Sunday, February 5, 2012

World building and tense situations - A guest post by D Kai Wilson-Viola


World building is a subject I'm extremely interested in.  When writing series of books, it becomes vital to get the details right.  It's also one of the hardest things to do, especially when things get tense in the story.  That's when having your facts straight matters the most.

I've invited fellow Indie Author D Kai Wilson-Viola to write a guest blog and she presented me with an exceptional piece.

World building and tense situations
My stories always start with some sort of major problem.  Whether that’s where they actually start once they’ve been edited and put together is a different story, but that’s where everything starts for me.
Which, to be honest, makes world building both a bit difficult, and a lot liberating.
My first novel is out on the 12th of February, and is the first in upwards of 50 novels set in the universe I’ve built around my detective and his two friends.  So, John asked me to come talk ‘world building’ and give some tips on how I manage it all.  And I’ve got three absolutely amazing tips to share.
World building so you’re not changing canon
Though, before I go there, I’d better explain canon.  I don’t mean the things firing balls of lead at castles or pirate ships – I mean canon.  That sacred bible of what is – and isn’t – in your world.  It is, as far as I can tell, something I picked up in my fan fiction days – the idea that something could be canon or non-canon.  And the idea that if you screw up your own canon, your most obsessive fans (and we all get them) can call you on it, and complain.  So, having your own world building straight is a must.  It’s also essential for other reasons – if you’re not sure of your own world, others will struggle, especially when consistency will give you the chance to really use the world around the characters, for or against them.  Basically, your world could almost be its own character, if you use it right.  With that in mind though, I’ve got three tips.
1)      Keep your own bible – I use software to track mine, but before I discovered the items that I use (there’s two – a wiki/database based piece and Liquid Story Binder, which is a kind of folio system for writers), I had folders and key sheets.  It might feel like hard work, but if you’re building a world that has persistence, you need to track scars, and dates and where everything goes.  Elliot Peters, my main character goes from being pretty much unscarred to picking up several over the course of four books, and I have to remember whether he’s got them or not by (x) point.  The easiest way to do so is to keep a timeline, with a master sheet that documents scars.  I’ve found the front/back images that are here work well - but you might have other ideas.  Every three books, I update that, especially if I’ve stopped writing in the period beforehand, and ensure that anything I’ve finalised is included.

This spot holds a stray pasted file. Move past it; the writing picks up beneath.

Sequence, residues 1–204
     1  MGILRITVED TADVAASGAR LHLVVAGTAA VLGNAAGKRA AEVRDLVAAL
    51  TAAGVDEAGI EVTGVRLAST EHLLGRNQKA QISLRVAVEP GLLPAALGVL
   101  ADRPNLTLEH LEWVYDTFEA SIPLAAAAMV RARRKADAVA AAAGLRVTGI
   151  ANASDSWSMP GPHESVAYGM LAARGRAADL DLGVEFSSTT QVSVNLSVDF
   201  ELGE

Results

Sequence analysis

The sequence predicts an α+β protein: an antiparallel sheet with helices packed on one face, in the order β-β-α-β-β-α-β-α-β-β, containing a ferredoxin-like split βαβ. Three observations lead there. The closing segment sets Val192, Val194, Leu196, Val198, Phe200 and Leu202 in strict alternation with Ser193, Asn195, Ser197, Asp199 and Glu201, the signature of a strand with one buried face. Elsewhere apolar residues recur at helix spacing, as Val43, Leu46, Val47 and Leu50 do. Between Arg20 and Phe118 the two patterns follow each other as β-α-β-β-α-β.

2)      Update regularly – It’s easy to get wrapped up in the tiny details of keeping the ‘bible’ updated for your world, but if you don’t do maintenance, it’s kinda like tax receipts – it’ll take forever, and you’ll hate it.  I update mine once a week when doing ‘other paperwork’ like billing, so it’s kind of part of my maintenance tasks.  If your world is consistent, you’ll need to do it less, and eventually, you’ll only need to keep track of the changes.
3)      Little things matter too – even in tense situations, if you can give a ‘call back’ to something that was mentioned in another book, you show not only mastery but immersion in your own universe, which, in turn leads readers to trust you.  And reader trust is what invests them in books more than the most skilful writing ever can.  If there’s no trust there, no matter how beautiful your writing, readers will resist and you’ll be stuck with a perfectly crafted book that no one cares about enough to engage with.
Once you’ve got the basics of world building down, you’ll find it much easier to do it again and again – so even if you finish up one series, you can use what you’ve learned to build your next world and your next.  And then, when you toss them in at the deep end, you know how deep and where the escape hatch is.

D Kai Wilson-Viola’s debut novel, Glass Block (  is due out February 12th.  A copywriter and editor by trade, she’s been serving the indie community as an advisor for years.  You can follow Kai on Facebook (, Twitter (, at her own blog ( or at Author Central after February 12th.

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